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Sororities and ILGs Enjoy Brisk Rush

By Mike Hall


First-year women considered their social and residential options during the first days of this year’s rush.

Both sororities and independent living groups introduced themselves to freshmen during Saturday’s Women’s Convocation. While co-ed and women’s living groups rush independently, sororities rush jointly through Panhellenic Rush.

Many women visit ILGs

The Women’s Independent Living Group, MIT’s only all-female ILG, was “right on track” to meet its rush goal of 12 freshmen, said Marlene R. Cohen ’01, one of WILG’s rush chairs.

Kate S. Graham ’01, Cohen’s co-chair, said that prospective residents visited WILG in varying numbers throughout the first days, with attendance peaking during large events. Some of WILG’s larger events were scheduled during breaks in sorority rush.

“There are a few [freshmen] around a lot,” Graham said, but many freshmen arrived right before an event.

“A lot of [freshmen] are checking out their options now,” Cohen said. She said that Women’s Convocation helps to educate first-year women about living options beyond the dormitories.

While WILG paid specific attention to rushing women, co-ed ILGs rushed freshmen without regard to gender.

“There’s no girl-boy preference here,” said Roz K. Takata ’01, pika rush chair. “We have no restriction.”

Takata noted, however, that women tend to arrive at the house before the men do. “In the beginning, we get more girls because the guys are at frats,” Takata said. Of pika’s seven overnights on Saturday, five were female and two were male.

Takata added that more women came on the spur of the moment, while men planned specifically to visit pika.

“We don’t aim for a specific mix,” said James K. Alt ’02, co-rush chair for the No. 6 Club (Delta Psi). While slightly more women showed up at No. 6 rush events, Alt said that he expects the pledge class to be evenly balanced.

Student House Rush Chair Michelle E. Peters ’02 said that first-year women “had come in and out” early on, while first-year men had stayed longer at the house.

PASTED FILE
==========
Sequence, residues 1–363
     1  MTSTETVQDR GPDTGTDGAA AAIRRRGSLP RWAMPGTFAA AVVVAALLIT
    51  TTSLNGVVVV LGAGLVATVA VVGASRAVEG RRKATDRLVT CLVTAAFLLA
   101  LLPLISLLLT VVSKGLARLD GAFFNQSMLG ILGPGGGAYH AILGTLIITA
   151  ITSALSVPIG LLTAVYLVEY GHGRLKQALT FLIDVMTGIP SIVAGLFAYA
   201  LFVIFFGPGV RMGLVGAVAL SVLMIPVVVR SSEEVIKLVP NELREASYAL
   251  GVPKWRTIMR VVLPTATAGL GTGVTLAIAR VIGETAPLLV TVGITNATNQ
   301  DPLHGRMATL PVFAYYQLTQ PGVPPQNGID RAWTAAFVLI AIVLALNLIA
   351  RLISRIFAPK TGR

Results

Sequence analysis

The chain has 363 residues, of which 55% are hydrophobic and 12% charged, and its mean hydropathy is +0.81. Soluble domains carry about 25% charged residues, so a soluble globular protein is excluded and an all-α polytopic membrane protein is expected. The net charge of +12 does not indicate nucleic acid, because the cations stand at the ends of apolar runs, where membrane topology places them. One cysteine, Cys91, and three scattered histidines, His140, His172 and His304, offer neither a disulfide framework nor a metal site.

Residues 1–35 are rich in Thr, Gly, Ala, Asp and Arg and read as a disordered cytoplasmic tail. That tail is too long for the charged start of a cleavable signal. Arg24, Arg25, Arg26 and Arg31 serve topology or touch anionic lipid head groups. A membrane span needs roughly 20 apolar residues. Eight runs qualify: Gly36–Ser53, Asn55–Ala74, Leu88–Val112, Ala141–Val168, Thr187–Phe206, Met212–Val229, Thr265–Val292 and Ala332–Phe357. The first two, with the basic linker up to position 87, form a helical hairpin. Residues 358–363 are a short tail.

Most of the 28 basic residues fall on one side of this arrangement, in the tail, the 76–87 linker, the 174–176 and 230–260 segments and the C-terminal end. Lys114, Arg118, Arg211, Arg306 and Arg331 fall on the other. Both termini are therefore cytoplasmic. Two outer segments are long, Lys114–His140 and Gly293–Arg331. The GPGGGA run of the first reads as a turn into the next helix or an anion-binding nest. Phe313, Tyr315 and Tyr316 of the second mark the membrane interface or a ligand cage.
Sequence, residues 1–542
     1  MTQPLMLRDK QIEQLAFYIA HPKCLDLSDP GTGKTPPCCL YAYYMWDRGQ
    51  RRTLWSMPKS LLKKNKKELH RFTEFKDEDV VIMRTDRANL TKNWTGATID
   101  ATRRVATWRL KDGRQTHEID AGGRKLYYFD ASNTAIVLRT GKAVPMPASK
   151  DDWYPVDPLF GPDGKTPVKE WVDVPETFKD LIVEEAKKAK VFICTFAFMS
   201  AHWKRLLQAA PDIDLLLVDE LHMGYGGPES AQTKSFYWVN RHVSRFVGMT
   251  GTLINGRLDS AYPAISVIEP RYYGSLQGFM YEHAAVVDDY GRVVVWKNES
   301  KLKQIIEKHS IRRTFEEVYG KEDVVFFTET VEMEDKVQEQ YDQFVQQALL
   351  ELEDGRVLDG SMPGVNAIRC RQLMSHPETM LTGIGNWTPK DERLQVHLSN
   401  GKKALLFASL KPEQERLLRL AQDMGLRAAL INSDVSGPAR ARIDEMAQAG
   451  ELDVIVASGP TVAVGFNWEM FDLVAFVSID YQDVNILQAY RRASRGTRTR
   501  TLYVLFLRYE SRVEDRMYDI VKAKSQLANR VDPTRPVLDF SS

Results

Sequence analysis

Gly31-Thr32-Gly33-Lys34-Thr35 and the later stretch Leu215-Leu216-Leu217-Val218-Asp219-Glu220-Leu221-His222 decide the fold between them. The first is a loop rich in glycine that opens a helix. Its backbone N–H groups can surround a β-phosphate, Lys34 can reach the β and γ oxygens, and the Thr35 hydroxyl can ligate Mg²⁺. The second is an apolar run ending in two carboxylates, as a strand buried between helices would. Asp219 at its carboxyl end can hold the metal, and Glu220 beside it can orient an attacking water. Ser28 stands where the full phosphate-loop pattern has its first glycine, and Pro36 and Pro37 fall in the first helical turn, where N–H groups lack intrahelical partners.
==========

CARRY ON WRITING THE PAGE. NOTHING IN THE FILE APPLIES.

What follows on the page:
“We can only accept three members,” Peters said. “We would like at least one to be female.”

Fenway House Rush Chair Catherine E. Howell ’03 said that her house cared more for rushees’ personality than gender. Howell said that Fenway’s open-bid process allows any freshman to choose to live in the house.

Panhel attendance slightly down

In addition to looking at living groups, first-year women also explored sorority life through Panhellenic Rush. Panhel President Roxanne M. Cartwright ’02 said that about 230 women went through each open house session, a number slightly lower than in previous years.

Following Women’s Convocation, interested women meet with their Rho Chi, a deaffiliated sorority sister who serves as a recruitment counselor during rush.

After visiting the houses’ presentations in the Student Center, the rushees had a chance to learn about each sorority and to meet the sisters at an open house. Sororities then extend invitations to selected women for “informals” on Sunday and Monday.

Some interested women, however, will not receive an invitation from any sorority. Panhel Vice President for Recruitment Michelle A. D’Andrea ’01 said that these women will be consoled by their Rho Chi and informed of different options outside sorority life, including special-interest clubs, ILGs, and social dormitories such as Baker.

After a mandatory theme event on Monday night and a preference party on Tuesday afternoon, rushees submit a preference sheet with up to two houses selected. After comparing these with rankings submitted by sororities, bids are extended on Wednesday afternoon. Freshmen have until Friday at 5 p.m. to accept the bid.

Panhel encourages rushees to list two houses on their preference sheets in order to maximize the chance of receiving a bid, D’Andrea said. “Picking two increases chances of getting a bid,” she said, but added that most rushees will receive their first choice.

Jordan Rubin contributed to the reporting of this story.